His lectures on Anglo-Saxon grammar and on the literature of the Middle Ages were among the finest. In the Middle Ages, in its theology, and in its literature, as he claimed, could be found the deepest subjects of human inquiry, the primal and perennial issues of order and disorder, of good and evil, of the human and the divine. As a Catholic, he saw medieval literature and theology as a flowering of his faith. He spoke of the medieval era as a time when the love of God and the love of learning were in harmony. But, for those who were disaffected from faith and belief, he argued that it provided the timeless issues which should be the assumptions of any intellectual quest, the same issues Lionel trilling once described in the novels of Hemingway and Faulkner as engaging “their hearts and their minds to the very bottom.”

    Byrne lived out his life as a devout Catholic. His attendance at mass each Sunday was unflagging, and he often served as the lector of the Gospel of the day. He was deeply read in the early church fathers; he could quote passages from Thomas Aquinas and Albertus Magnus from memory; he delighted in explaining the rubrics of the mass and of holy days of obligation. He often recalled how devoted his family was to its Catholic heritage and often spoke of this devotion as not only enduing his childhood and adolescence with stability but also enabling him in adulthood to face the disappointments and failings of human life.

    His stoic calm did not attenuate his moral values and ideals. He disdained ambition and competition in the intellectual life. He dismissed the petty conspiracies of self, born of ambition and competition, with indifference. An unjustified promotion or an overbearing department head could not hold his attention for long. His response was always the same, almost a ritual of dismissal: Byrne would pull a cigarette from his old, worn, dull stainless steel cigarette case; he would then tap it on the case for what seemed the longest time before lighting it. And after lighting it, he would speak the inevitable words: “why be troubled by people not worth the space and time they occupy?”

    These were the actualities of his character, all conspicuously absent in the fictional character of Ignatius. In my forty-three years of teaching in a university, Byrne was the most brilliant colleague I have ever known. A speculation shared by many was the question of why Byrne never completed his doctorate. Everyone knew that Robert Lumiansky, the distinguished scholar in Chaucer studies, had urged him many times to take leave and to return to Tulane university and there to complete his dissertation. He never did. And when the question was put to him, as so often it was, his answer was always the same: “I disappointed Lumi.” In later years when doctorates “proliferated” and when, with the hiring of younger faculty members who, he was told, were “certified” to teach the Anglo-Saxon and middle English courses he taught for many years, Byrne never resented his displacement.

    Byrne knew what ascendancy he could gain with his gifts of mind and intelligence, should he had wanted that. But he believed with a passion that the intellectual life should never be put to the uses of ambition and power. Hence his famous words: “God help all of you should I have ever desired power.” For Byrne the university was a sanctuary for learning and reflection. It was a place of deliberate separation, of quietude and meditation, in which the substance and the spirit of the humanities could continue on, free of the personal ambitions of the individual and the urgencies of society.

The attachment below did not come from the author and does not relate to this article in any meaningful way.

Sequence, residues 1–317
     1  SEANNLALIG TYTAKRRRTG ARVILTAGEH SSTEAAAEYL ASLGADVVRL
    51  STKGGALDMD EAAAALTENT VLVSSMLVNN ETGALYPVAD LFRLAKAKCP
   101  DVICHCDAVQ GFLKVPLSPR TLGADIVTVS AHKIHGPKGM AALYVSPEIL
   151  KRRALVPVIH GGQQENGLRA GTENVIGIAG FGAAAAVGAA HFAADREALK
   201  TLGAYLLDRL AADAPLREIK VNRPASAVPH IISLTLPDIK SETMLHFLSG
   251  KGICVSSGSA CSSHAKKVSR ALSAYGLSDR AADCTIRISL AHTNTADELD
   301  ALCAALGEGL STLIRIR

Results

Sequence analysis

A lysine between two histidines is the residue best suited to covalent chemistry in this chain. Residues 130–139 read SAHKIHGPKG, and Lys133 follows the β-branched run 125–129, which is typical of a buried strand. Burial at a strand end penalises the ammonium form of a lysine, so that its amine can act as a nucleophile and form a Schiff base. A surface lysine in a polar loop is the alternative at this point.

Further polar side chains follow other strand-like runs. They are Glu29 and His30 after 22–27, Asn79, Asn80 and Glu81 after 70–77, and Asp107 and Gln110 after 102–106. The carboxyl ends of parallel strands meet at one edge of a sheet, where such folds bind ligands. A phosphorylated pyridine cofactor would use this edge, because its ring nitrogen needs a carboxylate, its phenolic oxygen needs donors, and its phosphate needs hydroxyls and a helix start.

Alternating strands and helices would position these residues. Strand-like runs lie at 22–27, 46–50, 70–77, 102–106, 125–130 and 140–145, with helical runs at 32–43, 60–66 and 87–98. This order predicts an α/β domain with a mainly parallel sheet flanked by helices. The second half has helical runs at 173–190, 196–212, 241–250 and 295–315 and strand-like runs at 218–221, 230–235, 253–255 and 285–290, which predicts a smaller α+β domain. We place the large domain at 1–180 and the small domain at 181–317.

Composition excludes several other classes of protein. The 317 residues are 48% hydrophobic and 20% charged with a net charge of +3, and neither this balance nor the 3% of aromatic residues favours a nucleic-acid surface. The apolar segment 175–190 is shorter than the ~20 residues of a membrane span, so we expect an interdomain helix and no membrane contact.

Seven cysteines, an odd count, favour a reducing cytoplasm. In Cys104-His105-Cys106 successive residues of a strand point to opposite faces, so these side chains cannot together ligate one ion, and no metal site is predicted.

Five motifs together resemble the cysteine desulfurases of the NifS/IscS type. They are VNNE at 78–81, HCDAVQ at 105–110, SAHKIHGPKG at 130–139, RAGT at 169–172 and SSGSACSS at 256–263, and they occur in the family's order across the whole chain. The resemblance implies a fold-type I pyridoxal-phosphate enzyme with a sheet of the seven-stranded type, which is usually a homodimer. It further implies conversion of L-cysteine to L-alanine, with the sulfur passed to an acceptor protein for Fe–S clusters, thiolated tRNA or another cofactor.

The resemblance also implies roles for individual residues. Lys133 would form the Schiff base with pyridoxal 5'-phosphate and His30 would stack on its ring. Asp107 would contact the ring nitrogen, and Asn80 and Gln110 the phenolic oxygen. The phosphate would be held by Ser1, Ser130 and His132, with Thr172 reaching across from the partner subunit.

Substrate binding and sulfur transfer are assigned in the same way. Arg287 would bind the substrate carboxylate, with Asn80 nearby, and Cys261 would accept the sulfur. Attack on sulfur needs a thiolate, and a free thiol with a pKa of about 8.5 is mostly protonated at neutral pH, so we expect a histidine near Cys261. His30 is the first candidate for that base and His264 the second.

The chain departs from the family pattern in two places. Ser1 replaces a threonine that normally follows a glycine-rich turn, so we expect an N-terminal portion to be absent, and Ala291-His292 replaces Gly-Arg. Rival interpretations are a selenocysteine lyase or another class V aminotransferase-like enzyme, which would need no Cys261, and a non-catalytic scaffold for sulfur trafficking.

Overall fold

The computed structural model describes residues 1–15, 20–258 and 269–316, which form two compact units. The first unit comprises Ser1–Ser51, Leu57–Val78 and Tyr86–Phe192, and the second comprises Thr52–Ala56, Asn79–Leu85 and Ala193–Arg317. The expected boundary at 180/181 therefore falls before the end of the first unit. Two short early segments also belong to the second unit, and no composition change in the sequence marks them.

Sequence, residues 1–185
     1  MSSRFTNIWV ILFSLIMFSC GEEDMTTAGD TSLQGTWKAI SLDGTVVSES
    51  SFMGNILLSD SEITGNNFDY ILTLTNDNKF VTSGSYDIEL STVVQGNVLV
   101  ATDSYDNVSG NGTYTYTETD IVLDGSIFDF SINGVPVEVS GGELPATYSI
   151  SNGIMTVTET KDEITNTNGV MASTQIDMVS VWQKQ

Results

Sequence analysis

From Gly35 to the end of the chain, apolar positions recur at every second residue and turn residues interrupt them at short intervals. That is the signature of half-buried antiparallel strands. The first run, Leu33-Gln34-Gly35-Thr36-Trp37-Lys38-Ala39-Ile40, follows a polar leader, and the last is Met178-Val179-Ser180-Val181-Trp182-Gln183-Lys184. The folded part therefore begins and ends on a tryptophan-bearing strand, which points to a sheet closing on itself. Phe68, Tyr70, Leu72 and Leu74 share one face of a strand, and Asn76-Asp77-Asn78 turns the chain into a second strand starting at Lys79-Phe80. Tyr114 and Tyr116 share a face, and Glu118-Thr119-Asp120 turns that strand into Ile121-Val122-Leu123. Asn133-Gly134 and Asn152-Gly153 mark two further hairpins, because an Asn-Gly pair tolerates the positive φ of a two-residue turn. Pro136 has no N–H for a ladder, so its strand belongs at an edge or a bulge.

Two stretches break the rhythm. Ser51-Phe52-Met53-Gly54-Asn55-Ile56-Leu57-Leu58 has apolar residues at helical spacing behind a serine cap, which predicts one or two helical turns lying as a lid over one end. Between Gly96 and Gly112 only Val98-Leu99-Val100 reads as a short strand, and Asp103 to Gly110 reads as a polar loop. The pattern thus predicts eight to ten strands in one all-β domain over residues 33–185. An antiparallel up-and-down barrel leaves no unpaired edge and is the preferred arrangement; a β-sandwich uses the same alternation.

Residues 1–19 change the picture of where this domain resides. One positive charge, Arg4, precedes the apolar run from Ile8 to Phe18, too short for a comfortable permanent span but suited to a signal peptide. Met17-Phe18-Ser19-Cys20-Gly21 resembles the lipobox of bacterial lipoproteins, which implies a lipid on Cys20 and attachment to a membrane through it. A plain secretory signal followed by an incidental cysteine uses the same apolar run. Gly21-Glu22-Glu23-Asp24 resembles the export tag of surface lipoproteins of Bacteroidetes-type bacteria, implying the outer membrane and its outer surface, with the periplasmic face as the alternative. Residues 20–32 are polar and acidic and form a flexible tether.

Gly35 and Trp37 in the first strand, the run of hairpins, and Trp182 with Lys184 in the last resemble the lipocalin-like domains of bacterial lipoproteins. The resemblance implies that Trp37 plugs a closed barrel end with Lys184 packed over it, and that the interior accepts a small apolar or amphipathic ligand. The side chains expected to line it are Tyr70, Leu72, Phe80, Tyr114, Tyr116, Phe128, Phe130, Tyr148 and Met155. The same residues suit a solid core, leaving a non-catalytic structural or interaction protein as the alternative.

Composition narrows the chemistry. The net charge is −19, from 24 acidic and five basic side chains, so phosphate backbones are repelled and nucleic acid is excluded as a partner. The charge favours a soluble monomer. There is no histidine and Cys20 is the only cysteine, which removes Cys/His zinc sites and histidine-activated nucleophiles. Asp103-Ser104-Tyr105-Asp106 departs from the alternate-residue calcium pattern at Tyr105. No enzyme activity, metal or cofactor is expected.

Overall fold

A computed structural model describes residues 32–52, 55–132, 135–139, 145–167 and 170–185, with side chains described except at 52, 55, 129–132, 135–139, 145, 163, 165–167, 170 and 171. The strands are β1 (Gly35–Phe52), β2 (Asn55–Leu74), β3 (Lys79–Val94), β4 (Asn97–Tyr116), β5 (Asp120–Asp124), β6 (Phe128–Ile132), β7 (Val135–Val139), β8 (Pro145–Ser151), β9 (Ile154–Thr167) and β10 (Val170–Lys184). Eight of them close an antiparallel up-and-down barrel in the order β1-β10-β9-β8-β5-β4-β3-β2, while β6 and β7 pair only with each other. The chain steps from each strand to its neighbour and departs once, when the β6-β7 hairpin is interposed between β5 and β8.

But in the last two decades of his life, he realized unprecedented changes were taking place in society, and these changes deeply concerned him. Often he spoke of the eighties and nineties as decades of ambition, money, and notoriety which were wearing away the moral and intellectual character of every class in our society. But what he was most apprehensive about was what was happening to the university. The impress of the times was invading the university; the sanctuary was becoming a market place in which ideas were speedily welcomed when they were in accord with the political fashions and cultural morality of the day.

    For the reception honoring him for his years of service to the university, he composed and read a poem which gave voice to what he saw as the university besieged by the morality of the market place. In this poem of valediction Byrne likens himself to a dinosaur displaced in the malevolent world of Darwin where competition and survival of the fittest are the sole ends of human life. And it was from this world he was now withdrawing. Byrne, we know or should know by now, was not a dinosaur. But his coupling of dinosauric fate with furry little creatures feeding on the eggs of those giant animals targets our present circumstance. We all know who these furry little creatures are. They are those who, more in ambition than in belief, have self-ordained themselves as custodians of the intellectual and moral fashions of the day; they are the braggart soldiers of mimic cultural wars who hammer literature and the humanities into the spears of political, sociological, and cultural morality. They can be identified with what Harold Bloom, in a moment both of strongest denunciation and of delightful irony, likens to suicidal lemmings carrying the arts with themselves over the cliff to extinction. The world Byrne took leave of was a world which he felt had betrayed the republic of letters and had replaced it with an amphitheater of gladiatorial contests of promotions, salaries, sabbaticals, and committees. The love of God and the love of learning had no place in this world. But for Robert Byrne in a sanctuary of his own making, in the solace of his garden, his family, and his friends, they were with him to the end of his life.

Maurice w. duQuesnay